But while the safe-seat Liberal Democrats have delved into their ambitious welfare and climate change bill, those in swing neighborhoods have clearly been frightened.
Among Democrats who called for better cost management of the welfare bill were members of precarious districts, such as Mr. Golden, from northern Maine, Ms. Murphy, from central Florida, and Ms. Spanberger, whose suburban district outside of Richmond, Va., swung sharply to the right.
But by noon, their efforts were at a standstill as a 15-minute House vote lasted more than seven hours – a record, lawmakers said, for the chamber’s longest vote – as Ms Pelosi struggled to align his support. Republicans, united against the social policy bill and gleeful from the chaos, forced additional procedural votes to further derail the process.
“Where are the Democrats today? Said Minority Leader Representative Kevin McCarthy of California. “Breaking their own rules, setting new records just by keeping the votes open and trying to intimidate and intimidate their own members into voting for something.”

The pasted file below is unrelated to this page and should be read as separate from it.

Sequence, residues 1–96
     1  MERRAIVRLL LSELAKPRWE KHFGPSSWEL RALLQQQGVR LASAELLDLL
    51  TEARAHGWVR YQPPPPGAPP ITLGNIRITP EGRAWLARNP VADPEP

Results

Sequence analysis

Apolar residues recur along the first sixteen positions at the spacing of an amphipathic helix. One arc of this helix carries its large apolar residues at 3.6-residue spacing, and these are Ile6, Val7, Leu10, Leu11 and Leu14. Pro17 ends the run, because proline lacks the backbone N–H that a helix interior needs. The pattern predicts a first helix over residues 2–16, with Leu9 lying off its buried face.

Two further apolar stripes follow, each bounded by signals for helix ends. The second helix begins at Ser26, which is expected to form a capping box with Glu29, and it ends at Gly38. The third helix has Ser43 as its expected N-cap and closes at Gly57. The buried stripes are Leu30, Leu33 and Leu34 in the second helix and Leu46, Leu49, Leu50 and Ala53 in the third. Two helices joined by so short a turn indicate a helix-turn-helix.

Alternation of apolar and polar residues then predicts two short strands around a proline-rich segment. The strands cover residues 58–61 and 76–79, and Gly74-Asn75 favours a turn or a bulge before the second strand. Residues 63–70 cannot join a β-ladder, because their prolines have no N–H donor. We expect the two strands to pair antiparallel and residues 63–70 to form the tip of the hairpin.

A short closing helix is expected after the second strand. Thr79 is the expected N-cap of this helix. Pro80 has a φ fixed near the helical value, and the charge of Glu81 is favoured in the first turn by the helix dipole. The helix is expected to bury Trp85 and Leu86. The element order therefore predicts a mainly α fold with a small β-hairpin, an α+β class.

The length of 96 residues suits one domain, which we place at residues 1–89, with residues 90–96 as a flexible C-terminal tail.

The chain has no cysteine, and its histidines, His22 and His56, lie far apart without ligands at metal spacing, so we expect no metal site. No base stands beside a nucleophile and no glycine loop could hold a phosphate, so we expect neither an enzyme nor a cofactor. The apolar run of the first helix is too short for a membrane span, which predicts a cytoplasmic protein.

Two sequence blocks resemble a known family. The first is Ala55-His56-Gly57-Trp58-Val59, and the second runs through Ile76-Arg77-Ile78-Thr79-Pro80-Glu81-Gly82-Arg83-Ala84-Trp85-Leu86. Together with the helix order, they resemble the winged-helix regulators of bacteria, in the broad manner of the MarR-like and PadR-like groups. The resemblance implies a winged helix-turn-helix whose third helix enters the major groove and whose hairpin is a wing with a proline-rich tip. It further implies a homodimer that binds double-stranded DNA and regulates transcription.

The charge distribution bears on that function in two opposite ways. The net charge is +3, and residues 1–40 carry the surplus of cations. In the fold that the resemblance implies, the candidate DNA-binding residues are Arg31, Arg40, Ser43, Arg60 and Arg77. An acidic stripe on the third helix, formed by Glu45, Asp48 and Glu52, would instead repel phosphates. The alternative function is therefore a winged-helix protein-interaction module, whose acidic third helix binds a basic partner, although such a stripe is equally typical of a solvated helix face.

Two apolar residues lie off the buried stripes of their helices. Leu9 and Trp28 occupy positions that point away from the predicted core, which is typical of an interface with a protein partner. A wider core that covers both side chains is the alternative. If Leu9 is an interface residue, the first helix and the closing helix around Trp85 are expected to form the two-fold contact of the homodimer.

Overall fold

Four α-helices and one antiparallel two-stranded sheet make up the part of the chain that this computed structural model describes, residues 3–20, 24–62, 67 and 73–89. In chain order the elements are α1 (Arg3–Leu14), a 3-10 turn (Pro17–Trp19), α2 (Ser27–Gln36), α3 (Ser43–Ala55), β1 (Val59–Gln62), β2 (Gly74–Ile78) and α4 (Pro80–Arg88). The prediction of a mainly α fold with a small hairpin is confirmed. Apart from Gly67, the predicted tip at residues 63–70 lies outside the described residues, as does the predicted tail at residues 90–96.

The delay was painfully familiar to Democratic lawmakers and Mr Biden, who have tried and failed twice in recent weeks to get the pair of bills through the House, only to see their plans hampered by internal divisions.
Democratic leaders have tried to use an analysis from the non-partisan Joint Committee on Taxation and a White House analysis of the costs of spending to convince moderate refractors, to no avail. High-ranking White House aides were seen entering Ms Pelosi’s office as party leaders struggled to win over moderates.
“This is a very difficult task, and we are working on it,” said Rep. Steny H. Hoyer of Maryland, the majority leader, as he swept aside questions on Friday over whether Democrats would have them. votes needed.